Abstract Nguyen Viet Hai

Clinical Outcomes of Laparoscopic Proximal Gastrectomy with Double-Flap Technique for Early Gastric Cancer in the Upper Third of the Stomach.

Hai Nguyen Viet, Long Vo Duy, Thong Dang Quang, Dat Tran Quang, Quoc Ho Le Minh, Anh Nguyen Vu Tuan, Bac Nguyen Hoang.

Upper Gastro-intestinal Surgery Department, University Medical Center, Hochiminh city, Vietnam

Background  Treatment for gastric cancer in the upper third of the stomach is difficult. Total gastrectomy has higher morbidity than proximal gastrectomy ( PG ). However PG is rarely used in Vietnam because of frequent postoperative reflux and uncommon diagnosis of early gastric cancer (GC). A double-flap esophagogastrostomy technique developed to prevent reflux after proximal gastrectomy was applied to laparoscopic proximal gastrectomy ( LPG ).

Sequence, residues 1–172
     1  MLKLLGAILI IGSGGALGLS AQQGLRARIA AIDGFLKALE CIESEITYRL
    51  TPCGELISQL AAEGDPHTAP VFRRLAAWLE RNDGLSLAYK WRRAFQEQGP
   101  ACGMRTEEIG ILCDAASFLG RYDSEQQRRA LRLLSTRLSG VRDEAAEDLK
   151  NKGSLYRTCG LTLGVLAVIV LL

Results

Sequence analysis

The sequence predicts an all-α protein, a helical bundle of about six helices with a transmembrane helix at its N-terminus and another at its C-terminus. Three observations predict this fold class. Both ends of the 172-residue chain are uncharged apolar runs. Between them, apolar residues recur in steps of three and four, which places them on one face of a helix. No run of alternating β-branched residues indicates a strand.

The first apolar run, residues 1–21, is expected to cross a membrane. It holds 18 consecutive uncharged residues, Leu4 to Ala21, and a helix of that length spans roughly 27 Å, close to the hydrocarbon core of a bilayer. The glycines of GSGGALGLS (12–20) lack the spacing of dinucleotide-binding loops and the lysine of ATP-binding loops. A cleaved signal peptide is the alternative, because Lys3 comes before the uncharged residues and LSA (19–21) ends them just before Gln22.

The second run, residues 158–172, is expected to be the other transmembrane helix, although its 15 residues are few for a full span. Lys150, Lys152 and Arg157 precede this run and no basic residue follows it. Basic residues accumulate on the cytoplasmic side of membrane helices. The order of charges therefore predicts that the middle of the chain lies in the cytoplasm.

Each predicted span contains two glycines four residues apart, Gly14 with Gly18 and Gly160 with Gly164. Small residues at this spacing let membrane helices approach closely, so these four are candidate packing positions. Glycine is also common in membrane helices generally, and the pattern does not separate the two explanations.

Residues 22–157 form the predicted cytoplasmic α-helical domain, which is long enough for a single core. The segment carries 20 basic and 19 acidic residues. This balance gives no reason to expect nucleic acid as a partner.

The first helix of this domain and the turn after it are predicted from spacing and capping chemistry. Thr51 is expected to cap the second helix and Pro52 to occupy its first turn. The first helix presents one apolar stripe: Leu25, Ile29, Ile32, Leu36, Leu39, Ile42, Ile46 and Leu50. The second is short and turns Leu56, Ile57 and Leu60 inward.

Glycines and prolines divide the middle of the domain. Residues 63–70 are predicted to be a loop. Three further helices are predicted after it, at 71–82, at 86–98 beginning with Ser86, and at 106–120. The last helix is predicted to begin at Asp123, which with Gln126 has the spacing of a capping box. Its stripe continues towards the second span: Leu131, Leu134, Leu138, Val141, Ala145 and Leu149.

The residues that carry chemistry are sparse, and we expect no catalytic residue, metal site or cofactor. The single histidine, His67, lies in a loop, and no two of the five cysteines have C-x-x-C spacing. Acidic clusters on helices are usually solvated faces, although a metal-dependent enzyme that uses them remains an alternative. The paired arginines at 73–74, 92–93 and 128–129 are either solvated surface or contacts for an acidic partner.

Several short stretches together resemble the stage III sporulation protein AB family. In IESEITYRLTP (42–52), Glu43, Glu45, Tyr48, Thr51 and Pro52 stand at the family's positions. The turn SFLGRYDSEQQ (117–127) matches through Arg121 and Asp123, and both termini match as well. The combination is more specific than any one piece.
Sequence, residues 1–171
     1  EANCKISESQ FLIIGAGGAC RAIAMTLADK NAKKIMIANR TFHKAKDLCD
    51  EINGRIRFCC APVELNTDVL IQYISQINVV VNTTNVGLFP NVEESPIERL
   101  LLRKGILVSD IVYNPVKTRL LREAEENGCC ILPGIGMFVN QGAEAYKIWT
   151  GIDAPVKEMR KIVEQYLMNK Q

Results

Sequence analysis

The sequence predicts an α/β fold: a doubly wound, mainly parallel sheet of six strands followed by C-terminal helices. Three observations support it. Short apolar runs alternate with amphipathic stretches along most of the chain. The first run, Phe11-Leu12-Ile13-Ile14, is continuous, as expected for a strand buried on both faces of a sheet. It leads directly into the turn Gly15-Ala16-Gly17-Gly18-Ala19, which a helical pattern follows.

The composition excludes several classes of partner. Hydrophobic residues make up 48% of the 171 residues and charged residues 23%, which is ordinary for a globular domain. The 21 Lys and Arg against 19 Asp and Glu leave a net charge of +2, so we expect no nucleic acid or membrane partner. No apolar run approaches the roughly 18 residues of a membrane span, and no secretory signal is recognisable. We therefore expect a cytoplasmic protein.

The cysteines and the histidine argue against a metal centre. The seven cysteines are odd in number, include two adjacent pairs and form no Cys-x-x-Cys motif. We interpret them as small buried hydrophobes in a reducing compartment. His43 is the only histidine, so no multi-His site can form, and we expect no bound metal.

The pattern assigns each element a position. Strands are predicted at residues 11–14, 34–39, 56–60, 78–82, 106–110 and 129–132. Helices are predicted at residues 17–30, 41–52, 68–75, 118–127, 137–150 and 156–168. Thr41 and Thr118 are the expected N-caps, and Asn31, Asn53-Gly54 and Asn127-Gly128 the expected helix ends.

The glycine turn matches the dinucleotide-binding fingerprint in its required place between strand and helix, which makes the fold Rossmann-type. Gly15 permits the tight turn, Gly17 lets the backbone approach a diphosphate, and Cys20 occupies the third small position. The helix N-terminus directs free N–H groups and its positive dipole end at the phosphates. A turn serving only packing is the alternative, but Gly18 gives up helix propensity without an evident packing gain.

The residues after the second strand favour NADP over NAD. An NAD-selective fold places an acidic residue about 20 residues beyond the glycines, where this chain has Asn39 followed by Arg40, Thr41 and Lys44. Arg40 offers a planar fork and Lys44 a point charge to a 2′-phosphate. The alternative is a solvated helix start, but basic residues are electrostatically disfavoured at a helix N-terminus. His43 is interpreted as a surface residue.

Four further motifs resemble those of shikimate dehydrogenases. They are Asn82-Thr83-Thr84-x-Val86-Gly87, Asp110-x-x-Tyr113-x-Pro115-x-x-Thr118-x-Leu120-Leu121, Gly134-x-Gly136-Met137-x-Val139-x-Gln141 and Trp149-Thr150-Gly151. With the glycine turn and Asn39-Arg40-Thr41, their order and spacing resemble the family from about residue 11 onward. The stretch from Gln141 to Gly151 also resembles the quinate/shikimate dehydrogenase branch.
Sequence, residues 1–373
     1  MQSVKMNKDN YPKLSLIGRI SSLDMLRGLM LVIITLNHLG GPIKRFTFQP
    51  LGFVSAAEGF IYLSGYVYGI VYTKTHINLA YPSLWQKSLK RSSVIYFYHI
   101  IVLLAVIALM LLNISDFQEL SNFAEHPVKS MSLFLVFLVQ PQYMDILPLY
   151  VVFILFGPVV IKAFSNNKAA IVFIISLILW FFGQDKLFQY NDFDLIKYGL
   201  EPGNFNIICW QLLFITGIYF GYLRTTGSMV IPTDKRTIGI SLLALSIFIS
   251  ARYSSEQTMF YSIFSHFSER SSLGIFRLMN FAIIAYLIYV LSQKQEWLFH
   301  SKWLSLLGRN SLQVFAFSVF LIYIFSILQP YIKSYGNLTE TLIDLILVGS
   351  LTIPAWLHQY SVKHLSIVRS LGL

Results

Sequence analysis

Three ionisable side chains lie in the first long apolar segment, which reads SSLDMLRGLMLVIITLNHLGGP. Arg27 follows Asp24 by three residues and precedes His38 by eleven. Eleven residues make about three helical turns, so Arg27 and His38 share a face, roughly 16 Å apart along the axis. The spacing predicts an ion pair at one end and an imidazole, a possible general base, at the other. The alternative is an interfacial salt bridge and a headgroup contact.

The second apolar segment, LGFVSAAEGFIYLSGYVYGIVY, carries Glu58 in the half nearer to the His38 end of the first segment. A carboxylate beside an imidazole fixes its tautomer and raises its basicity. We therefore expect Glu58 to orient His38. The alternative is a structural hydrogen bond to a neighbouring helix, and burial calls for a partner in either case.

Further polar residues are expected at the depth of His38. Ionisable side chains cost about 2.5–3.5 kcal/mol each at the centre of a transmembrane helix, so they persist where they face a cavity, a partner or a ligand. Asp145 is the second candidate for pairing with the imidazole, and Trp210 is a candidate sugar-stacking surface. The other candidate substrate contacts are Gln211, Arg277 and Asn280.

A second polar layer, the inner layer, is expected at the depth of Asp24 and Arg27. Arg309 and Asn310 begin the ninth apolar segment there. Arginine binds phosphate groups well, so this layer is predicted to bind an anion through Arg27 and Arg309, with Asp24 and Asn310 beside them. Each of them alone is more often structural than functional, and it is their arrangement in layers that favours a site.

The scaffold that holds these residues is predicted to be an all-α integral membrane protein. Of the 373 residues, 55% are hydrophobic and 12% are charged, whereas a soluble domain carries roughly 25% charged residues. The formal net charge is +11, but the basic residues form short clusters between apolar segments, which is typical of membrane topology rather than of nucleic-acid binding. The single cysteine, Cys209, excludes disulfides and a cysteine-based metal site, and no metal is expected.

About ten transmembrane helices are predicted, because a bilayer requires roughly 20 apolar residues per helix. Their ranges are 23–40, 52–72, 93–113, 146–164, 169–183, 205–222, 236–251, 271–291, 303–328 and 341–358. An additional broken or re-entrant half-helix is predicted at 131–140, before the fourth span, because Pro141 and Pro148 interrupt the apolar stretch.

Methods This was a prospective, case-series with a total of 12 patients suffered from early gastric adenocarcinoma in the upper third of the stomach from April 2018 to May 2019, at University Medical Center, Hochiminh city, Vietnam. Of these patients, total cases underwent laparosopic proximal gastrectomy with double-flap esophagogastrostomy technique. Demographics, histological types of tumors, tumor diameters, operative time, intraoperative blood loss volume, number of  resected lymph nodes, postoperative complications  were studied to evaluate outcomes of this technique.

Results: The average operation time and estimated blood loss during LAPG using the double- flap technique was 300±15.8 min and 50.4±12.3 mL, respectively. None of the patients required conversion to open surgery, and no anastomosis leakage, no stenosis of the esophagogastric anastomosis as well as no postoperative reflux-esophagitis  occurred in this study. The mean number of resected lymph nodes was 22.7 ± 9.1. All resected margins were negative. The mean length of hospital stay was 6.7 ± 1.6 days. No mortality was observed.

Conclusion: Laparoscopic proximal gastrectomy with Double-Flap technique for early gastric cancer in the upper third of the stomach was a safe and feasible technique.